As the context and purpose of confinement changes, so does our perception of what is an ‘appropriate' space and what is provided for the animals within it. These perceptions influence our decision making in setting minimum standards for the confinement and housing of animals in different contexts, including:
Speakers at the Seminar examined recent national and international research on the impact of confinement on animals, and the factors that influence our perception of what is an ‘appropriate' housing environment. The seminar also examined those factors that affect the amount of space and type of physical environment that an animal needs, such as its social behaviour, dietary requirements, physiology, temperament and genetics.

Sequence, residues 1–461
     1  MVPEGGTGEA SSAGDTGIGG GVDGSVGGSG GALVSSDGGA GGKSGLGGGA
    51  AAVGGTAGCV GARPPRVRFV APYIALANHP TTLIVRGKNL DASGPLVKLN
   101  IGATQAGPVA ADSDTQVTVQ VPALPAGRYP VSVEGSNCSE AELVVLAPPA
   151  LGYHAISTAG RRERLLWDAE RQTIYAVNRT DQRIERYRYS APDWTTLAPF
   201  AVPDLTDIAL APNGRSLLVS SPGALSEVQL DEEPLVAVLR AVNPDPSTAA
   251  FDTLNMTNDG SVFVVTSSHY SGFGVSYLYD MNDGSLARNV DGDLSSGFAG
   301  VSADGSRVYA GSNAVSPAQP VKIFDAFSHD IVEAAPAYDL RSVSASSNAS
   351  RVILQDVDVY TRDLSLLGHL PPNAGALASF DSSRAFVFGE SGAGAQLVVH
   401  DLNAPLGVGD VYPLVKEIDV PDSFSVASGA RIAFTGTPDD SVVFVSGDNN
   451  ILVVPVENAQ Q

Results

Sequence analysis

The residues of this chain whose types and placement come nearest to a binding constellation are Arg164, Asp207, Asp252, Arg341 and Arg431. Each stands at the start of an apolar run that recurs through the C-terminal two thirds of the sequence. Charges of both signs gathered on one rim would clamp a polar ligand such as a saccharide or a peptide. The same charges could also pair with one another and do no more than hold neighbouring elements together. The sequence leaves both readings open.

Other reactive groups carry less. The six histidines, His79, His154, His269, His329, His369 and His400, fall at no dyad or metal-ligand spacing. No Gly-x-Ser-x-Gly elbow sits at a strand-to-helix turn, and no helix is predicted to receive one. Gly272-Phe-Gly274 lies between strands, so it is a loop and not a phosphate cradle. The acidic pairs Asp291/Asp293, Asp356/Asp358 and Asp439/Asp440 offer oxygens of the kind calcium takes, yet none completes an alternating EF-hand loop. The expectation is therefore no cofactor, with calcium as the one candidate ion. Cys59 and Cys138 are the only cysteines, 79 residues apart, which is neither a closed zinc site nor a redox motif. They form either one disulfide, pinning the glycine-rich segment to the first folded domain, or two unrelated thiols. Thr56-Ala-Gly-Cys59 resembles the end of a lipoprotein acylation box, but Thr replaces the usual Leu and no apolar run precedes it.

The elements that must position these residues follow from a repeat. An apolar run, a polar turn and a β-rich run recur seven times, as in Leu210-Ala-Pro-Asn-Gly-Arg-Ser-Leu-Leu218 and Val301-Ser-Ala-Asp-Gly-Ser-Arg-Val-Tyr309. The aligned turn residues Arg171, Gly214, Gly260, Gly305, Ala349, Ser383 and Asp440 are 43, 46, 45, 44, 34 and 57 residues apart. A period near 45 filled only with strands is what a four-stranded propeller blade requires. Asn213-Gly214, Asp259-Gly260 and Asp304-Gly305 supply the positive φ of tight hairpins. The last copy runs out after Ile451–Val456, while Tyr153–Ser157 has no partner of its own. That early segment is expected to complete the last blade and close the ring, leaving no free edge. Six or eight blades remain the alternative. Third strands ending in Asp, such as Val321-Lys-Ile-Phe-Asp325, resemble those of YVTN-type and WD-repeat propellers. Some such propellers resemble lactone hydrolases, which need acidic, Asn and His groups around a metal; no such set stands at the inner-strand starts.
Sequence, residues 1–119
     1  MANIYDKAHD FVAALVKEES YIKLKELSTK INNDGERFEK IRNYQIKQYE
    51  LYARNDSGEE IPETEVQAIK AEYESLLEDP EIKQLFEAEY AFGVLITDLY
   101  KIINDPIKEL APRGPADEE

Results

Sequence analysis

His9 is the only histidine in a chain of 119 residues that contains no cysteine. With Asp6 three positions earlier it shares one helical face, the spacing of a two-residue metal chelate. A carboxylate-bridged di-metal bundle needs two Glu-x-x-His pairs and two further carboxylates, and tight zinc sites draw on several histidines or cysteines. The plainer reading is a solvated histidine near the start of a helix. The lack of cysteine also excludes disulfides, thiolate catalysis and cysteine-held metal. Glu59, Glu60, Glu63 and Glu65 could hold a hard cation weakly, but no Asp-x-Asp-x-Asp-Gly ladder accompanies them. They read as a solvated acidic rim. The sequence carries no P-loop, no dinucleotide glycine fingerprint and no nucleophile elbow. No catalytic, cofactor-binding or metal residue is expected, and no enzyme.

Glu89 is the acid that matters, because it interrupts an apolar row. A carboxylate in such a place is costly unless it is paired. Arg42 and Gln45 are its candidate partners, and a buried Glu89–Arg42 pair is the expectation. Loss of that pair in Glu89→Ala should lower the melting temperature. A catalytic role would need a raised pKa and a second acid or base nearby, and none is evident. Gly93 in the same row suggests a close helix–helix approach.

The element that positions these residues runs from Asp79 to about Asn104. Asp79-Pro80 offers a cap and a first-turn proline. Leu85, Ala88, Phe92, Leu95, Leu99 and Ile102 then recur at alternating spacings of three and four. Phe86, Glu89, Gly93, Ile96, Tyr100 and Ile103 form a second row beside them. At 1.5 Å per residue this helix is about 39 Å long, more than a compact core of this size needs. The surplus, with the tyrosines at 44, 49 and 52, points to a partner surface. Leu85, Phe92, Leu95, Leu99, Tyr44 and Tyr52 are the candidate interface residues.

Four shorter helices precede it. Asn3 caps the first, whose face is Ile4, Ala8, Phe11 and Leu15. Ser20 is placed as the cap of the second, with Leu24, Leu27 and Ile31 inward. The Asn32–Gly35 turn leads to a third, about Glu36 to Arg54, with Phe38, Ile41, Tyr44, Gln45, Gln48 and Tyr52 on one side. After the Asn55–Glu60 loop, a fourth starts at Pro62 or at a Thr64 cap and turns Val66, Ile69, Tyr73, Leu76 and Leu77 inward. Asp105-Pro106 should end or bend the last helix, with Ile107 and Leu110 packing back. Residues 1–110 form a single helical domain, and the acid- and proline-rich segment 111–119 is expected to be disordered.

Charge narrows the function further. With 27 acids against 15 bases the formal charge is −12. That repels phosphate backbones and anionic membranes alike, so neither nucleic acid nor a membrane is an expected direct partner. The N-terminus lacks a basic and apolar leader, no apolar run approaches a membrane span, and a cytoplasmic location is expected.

Current thinking dictates that animal welfare standards should be science based, but this assumes that there is sufficient research in a given area to provide us with useful answers. The seminar aimed to identify gaps in our knowledge of the impact of confinement, and provide some direction for future research. It also looked at processes that are used to determine the quality and size of housing environments and to set minimum standards, particularly where relevant scientific information is lacking.
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